The participants of the uprising of June 17th, 1953, and the victims of its suppression will be commemorated today. Berlin’s Governing Mayor Franziska Giffey said workers from Berlin and Brandenburg had initiated the protests back then. Freedom needed to be defended over and over again.
Berlin, June 16th, 2022 (The Berlin Spectator) — Sixty-nine years ago today, on June 17th, 1953, citizens of the communist ‘German Democratic Republic’ (GDR) staged walkouts and protests against the state’s regime. The uprising was crushed by the Soviet Army. Dozens of protesters and uninvolved spectators died. So did five security officers.
Against the ‘Sovietization’
The participants rejected the kind of socialist system the GDR’s leadership was setting up after being ordered to do so by Moscow. It was the so-called ‘Sovietization’ of their state. Before the protests, farmers and business owners had been pressured to turn over their property to the state.
The police got more powers while military spending increased. Due to several mistakes the leadership of the ‘Socialist Unity Party of Germany’ (SED) was responsible for, the food supply for the GDR’s citizens was not secured.
Due to the shortage of fruit, meat and other kinds of food, GDR citizens had to wait in long lines on a regular basis, in order to get the food they needed. At the same time, representatives of the churches were jailed. The ongoing dispossession wave did not make the citizens happy either. Nor did the fact that the economic problems in the communist state increased further.
In the morning of June 17th, 1953, workers at factories all over the GDR started a strike. Big protests took place in the centers of the state’s larger cities, smaller ones in hundreds of towns and villages. Some city halls and police stations were occupied by protesters. In the town of Gera, even a jail controlled by the infamous State Security was invaded. Street battles between protesters and police took place in East Berlin.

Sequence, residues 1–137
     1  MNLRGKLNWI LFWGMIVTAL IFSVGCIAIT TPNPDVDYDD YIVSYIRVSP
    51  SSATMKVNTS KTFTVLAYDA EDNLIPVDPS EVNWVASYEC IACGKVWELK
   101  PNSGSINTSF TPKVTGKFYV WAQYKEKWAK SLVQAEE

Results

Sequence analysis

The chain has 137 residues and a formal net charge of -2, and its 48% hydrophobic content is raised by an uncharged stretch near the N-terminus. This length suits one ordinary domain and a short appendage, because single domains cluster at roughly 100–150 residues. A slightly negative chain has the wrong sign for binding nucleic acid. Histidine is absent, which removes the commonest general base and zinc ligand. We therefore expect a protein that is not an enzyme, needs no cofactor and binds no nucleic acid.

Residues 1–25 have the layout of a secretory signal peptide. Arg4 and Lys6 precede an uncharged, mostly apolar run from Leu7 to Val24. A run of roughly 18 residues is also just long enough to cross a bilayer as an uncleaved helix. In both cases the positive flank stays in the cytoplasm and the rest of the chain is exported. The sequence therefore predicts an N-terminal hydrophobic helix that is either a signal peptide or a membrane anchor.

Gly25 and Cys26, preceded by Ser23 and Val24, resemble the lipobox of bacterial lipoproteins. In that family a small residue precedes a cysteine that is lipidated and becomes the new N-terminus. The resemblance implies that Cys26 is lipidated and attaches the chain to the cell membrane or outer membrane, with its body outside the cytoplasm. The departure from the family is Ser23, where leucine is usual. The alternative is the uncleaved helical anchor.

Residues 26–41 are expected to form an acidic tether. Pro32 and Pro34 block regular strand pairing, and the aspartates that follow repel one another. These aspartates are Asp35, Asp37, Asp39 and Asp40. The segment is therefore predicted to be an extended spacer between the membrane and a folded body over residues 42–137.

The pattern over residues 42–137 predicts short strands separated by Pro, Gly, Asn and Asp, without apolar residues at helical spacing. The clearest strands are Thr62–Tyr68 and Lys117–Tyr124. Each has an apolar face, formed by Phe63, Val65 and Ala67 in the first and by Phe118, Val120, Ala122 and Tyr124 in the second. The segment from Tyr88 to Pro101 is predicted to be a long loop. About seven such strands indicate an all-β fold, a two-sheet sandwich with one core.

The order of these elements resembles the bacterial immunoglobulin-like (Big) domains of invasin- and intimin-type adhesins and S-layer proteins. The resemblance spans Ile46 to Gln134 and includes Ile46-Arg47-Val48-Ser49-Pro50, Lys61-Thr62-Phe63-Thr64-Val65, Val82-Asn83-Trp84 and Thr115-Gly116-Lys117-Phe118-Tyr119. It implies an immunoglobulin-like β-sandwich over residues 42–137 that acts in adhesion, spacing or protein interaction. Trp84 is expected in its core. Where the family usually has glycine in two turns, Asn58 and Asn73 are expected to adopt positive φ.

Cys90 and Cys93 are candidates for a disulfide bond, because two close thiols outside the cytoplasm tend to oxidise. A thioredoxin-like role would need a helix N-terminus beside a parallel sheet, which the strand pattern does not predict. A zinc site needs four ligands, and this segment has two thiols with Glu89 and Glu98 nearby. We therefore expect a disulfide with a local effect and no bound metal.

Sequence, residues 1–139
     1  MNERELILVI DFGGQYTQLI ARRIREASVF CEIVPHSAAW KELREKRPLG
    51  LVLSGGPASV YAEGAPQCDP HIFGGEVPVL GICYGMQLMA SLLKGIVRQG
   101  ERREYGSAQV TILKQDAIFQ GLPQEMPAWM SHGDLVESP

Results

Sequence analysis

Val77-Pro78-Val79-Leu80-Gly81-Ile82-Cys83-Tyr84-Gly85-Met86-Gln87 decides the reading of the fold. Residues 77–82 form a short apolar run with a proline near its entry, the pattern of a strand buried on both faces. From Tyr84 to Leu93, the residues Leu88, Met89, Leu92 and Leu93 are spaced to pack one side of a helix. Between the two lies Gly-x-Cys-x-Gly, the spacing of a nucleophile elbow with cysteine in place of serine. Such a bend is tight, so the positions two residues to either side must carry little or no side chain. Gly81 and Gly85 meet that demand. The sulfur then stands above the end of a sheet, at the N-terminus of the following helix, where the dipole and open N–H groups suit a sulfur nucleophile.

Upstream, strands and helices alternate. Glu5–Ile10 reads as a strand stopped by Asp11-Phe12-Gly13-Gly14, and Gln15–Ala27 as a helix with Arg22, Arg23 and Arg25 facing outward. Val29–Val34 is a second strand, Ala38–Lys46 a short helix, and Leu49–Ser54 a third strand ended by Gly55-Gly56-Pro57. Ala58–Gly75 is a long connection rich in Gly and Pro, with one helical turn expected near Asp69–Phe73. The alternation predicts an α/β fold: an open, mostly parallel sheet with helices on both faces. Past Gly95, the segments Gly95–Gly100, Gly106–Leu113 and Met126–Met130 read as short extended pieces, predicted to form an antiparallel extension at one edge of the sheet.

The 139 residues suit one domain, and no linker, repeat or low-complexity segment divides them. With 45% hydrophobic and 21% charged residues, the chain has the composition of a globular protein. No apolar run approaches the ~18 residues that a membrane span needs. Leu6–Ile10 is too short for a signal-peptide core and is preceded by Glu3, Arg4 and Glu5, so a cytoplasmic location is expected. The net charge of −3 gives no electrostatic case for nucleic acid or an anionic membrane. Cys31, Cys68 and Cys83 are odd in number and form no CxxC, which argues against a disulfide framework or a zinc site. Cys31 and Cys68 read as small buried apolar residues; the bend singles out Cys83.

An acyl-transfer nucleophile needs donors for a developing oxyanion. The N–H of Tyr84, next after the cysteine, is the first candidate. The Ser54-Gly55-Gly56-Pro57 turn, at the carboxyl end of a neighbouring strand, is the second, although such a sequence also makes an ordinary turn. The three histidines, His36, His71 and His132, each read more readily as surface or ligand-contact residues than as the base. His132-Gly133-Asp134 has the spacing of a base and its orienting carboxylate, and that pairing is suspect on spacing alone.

Anywhere between 400,000 and 1.5 million GDR citizens participated in the protests. Historians have not been able to establish the exact number.
On this day, the GDR’s leadership was protected by the Soviets. The latter declared a state of martial law in the early afternoon. Sixteen Soviet Army divisions came in. When the tanks arrived, the protests ended in many areas. Both the Soviets and the infamous State Security started arresting people they called provocateurs.
In commemoration of the victims on the day of the uprising, the old Federal Republic of Germany (West Germany) observed an official annual holiday on June 17th, until the reunification of Germany took place in 1990. But the date is still a memorial day.
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On the eve of this day, Franziska Giffey commented on the uprising of June 17th, 1953. The strike movement which had led to the uprising against the GDR regime had been initiated by workers from Berlin and Brandenburg, she said. Back then, they had demanded an improvement of their living conditions, the release of political prisoners, a resignation of the government, free elections and Germany’s reunification.
In the end, Soviet tanks had crushed the movement in Berlin’s city center using brutal force, Mrs. Giffey said. This had been the first time a liberation movement had challenged a communist government. In 1961, the construction of the Berlin Wall had been the answer to those events. The Governing Mayor stated all of this showed that freedom needed to be fought for, over and over again.
“In the light of our history, we think of the Russian war of aggression against Ukraine”, Franziska Giffey said. “This is about the values of June 17th as well. In Ukraine, people are sacrificing their lives for them. We are commemorating the dead from the democracy movement in our city and our country.” The Governing Mayor was going to take part in two commemoration events today, one at Berlin’s Square of the German Uprising of 1953, located next to the Finance Ministry at Leipziger Strasse, and the other one at Seestrasse Cemetery.
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